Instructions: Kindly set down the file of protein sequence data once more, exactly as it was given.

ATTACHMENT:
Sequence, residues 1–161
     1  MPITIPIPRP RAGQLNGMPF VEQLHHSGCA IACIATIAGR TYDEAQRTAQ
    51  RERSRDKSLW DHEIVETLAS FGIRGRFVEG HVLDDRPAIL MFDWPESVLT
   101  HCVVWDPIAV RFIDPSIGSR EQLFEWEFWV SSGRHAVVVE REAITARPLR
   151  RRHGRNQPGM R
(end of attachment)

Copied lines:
Sequence, residues 1–161
     1  MPITIPIPRP RAGQLNGMPF VEQLHHSGCA IACIATIAGR TYDEAQRTAQ
    51  RERSRDKSLW DHEIVETLAS FGIRGRFVEG HVLDDRPAIL MFDWPESVLT
   101  HCVVWDPIAV RFIDPSIGSR EQLFEWEFWV SSGRHAVVVE REAITARPLR
   151  RRHGRNQPGM R